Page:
Thursday, April 18, 2013

A few more thoughts about Bitcoin and numeric values

Sorry to keep harping on this one topic, but I was reading the "Myths" page on the Bitcoin wiki and something struck me as kind of funny and strange.

Bitcoin has been compared to the gold standard, because the coins "exist" (so to speak) in limited supply. Indeed, believers in Bitcoin and believers in precious metal currencies seem to be the same people in a lot of cases.

But here's the interesting part: some of the arguments for Bitcoin openly undermine and negate the arguments for using gold and silver as currency. Check this out.

Wednesday, April 17, 2013

Further discussion about Bitcoin

My previous post about Bitcoin invited discussion, but much of that discussion took place on Facebook and Google+. A lot of good insights and links were offered, but brief messages on social media are hard to search and learn from in the future. So I'm writing a second post to acknowledge these responses, clear up some of the misconceptions I had in the first, and offer useful links for anyone who wants more information in the future.

Saturday, April 13, 2013

Open discussion on Bitcoin

I've been hearing a lot of stories lately about Bitcoin, and while I don't fully get it, I'm currently on the side of people who think it's ultimately going to wind up being a very technically innovative Ponzi scheme. I'm not making this post to argue about that. Realizing there are a lot of cheerleaders for Bitcoin out there, this post will be heavily moderated. Sales pitches for Bitcoin will not be approved, nor will posts calling me names, although pro-Bitcoin posters are welcome as long as they can contribute to explaining the either the technological details or the details of economic distribution. A lot of the purpose of writing this post is to foster some technical discussion and assemble my thoughts about how it works.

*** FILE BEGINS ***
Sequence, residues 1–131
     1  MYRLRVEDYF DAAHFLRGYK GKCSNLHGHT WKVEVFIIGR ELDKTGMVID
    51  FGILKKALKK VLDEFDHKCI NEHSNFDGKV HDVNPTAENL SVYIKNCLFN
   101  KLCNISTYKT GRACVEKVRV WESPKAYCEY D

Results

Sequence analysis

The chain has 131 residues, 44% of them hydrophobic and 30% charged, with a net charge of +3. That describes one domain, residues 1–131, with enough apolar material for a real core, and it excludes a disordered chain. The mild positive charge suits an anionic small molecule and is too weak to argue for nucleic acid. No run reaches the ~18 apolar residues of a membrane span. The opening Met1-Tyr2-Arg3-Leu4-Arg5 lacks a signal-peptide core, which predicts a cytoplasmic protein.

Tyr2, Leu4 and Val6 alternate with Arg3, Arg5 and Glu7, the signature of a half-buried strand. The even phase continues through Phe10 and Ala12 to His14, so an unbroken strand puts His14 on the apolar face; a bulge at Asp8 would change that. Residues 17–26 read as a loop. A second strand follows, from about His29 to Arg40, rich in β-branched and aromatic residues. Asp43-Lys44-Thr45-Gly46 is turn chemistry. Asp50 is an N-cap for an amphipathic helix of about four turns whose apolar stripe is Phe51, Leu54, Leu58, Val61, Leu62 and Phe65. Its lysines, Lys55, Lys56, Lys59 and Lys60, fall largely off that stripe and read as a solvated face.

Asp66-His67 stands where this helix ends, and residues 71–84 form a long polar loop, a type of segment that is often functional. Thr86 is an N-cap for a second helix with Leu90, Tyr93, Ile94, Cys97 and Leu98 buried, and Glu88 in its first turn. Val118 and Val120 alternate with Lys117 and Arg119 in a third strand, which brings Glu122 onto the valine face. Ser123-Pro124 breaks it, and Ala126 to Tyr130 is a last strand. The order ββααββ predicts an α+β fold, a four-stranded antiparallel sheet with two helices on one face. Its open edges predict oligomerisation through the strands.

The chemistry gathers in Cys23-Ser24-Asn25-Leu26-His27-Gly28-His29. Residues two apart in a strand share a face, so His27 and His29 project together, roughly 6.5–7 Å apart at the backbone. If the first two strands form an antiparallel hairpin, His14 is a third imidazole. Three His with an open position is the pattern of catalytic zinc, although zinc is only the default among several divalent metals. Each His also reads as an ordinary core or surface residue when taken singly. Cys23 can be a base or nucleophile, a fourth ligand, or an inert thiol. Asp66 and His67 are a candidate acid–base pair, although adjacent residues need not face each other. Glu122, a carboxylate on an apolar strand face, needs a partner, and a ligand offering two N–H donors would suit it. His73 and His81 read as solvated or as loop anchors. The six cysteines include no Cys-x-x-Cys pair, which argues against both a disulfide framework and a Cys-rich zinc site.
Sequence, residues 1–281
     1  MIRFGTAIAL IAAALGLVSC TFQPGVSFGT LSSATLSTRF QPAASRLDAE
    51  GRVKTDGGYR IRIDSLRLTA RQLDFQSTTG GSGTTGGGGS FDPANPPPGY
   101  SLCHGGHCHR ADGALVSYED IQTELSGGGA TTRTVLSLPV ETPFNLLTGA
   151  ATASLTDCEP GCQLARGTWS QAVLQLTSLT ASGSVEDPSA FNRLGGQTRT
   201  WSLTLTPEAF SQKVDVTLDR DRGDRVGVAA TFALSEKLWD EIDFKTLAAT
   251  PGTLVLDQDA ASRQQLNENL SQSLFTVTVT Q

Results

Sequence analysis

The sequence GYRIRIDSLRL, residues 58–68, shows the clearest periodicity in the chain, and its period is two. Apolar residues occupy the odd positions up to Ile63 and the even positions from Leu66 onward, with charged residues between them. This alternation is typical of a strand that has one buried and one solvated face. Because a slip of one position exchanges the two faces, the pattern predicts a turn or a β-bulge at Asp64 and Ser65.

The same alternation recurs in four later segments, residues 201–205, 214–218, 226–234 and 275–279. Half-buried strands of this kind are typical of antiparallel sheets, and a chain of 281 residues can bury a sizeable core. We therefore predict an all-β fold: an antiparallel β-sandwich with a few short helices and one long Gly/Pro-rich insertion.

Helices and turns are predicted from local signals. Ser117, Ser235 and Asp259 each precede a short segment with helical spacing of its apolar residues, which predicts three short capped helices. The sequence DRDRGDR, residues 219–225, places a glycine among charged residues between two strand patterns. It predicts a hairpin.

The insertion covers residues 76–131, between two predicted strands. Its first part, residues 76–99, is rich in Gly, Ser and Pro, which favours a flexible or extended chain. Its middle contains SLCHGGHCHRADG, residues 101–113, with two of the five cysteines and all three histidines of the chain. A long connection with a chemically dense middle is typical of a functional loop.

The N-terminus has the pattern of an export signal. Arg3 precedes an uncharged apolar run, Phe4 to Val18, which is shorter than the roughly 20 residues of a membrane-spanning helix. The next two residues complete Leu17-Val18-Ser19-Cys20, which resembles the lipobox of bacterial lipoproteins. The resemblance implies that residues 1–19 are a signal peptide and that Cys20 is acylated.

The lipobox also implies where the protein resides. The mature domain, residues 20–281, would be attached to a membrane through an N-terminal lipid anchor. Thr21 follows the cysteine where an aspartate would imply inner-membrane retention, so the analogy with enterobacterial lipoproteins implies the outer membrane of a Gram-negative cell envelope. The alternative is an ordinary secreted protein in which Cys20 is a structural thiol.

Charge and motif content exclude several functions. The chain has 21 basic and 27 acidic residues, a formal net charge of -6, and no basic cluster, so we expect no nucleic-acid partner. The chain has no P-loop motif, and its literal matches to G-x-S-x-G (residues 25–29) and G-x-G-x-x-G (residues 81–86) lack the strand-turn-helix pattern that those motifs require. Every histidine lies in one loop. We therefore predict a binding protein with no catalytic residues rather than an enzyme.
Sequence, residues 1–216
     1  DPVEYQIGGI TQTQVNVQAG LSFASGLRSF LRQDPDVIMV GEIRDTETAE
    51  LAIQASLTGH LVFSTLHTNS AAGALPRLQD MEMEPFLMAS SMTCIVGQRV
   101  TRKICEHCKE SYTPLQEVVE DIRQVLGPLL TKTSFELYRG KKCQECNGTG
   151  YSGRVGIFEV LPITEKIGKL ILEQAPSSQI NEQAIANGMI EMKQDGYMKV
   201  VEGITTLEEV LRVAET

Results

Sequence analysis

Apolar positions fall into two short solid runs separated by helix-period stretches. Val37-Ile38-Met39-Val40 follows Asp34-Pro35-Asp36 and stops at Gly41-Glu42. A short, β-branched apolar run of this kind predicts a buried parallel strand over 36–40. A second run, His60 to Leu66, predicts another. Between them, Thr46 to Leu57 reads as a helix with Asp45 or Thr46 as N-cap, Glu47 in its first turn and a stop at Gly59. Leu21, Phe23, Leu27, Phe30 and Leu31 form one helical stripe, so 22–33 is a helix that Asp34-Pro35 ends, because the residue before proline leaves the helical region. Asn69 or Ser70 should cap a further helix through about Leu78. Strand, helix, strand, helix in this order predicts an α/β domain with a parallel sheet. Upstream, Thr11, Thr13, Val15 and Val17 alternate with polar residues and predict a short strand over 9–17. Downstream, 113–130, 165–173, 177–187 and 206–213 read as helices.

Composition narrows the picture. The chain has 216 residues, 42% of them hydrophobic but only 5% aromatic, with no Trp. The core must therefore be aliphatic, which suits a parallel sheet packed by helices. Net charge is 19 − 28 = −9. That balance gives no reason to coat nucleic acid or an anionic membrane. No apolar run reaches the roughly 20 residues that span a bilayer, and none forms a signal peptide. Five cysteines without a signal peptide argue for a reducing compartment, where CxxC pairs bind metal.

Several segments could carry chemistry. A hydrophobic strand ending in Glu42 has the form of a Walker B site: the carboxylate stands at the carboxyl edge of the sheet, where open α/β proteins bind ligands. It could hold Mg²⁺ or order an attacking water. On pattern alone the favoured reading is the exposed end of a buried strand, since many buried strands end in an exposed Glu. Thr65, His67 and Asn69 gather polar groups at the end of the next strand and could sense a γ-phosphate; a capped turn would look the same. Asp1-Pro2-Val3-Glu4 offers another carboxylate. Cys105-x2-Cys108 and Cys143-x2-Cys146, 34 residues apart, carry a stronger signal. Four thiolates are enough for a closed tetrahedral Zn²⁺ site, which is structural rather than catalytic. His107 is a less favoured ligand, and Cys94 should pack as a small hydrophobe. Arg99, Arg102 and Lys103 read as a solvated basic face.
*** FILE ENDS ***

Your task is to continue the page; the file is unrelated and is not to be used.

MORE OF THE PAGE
Bitcoin is an "alternative currency," which is something political Libertarians are always saying we need. It is meant to be decentralized, not controlled by any one government or individual. At the present time, one Bitcoin is worth around $100, down from a high last week of around $200. I am personally not particularly interested in getting involved with Bitcoin, either by trading my dollars for bitcoins and spending the bitcoins, or by speculating on buying low/selling high, or by mining for them. However, with my computer science degrees I'm mildly interested in working out exactly how the system works. I found a FAQ page, and I found the original technical paper by Satoshi Nakamoto, but I still don't have a full handle on it yet. Eventually I'm probably going to have to download the open source code and look at it, but I'm still trying to decide if that's worth my while.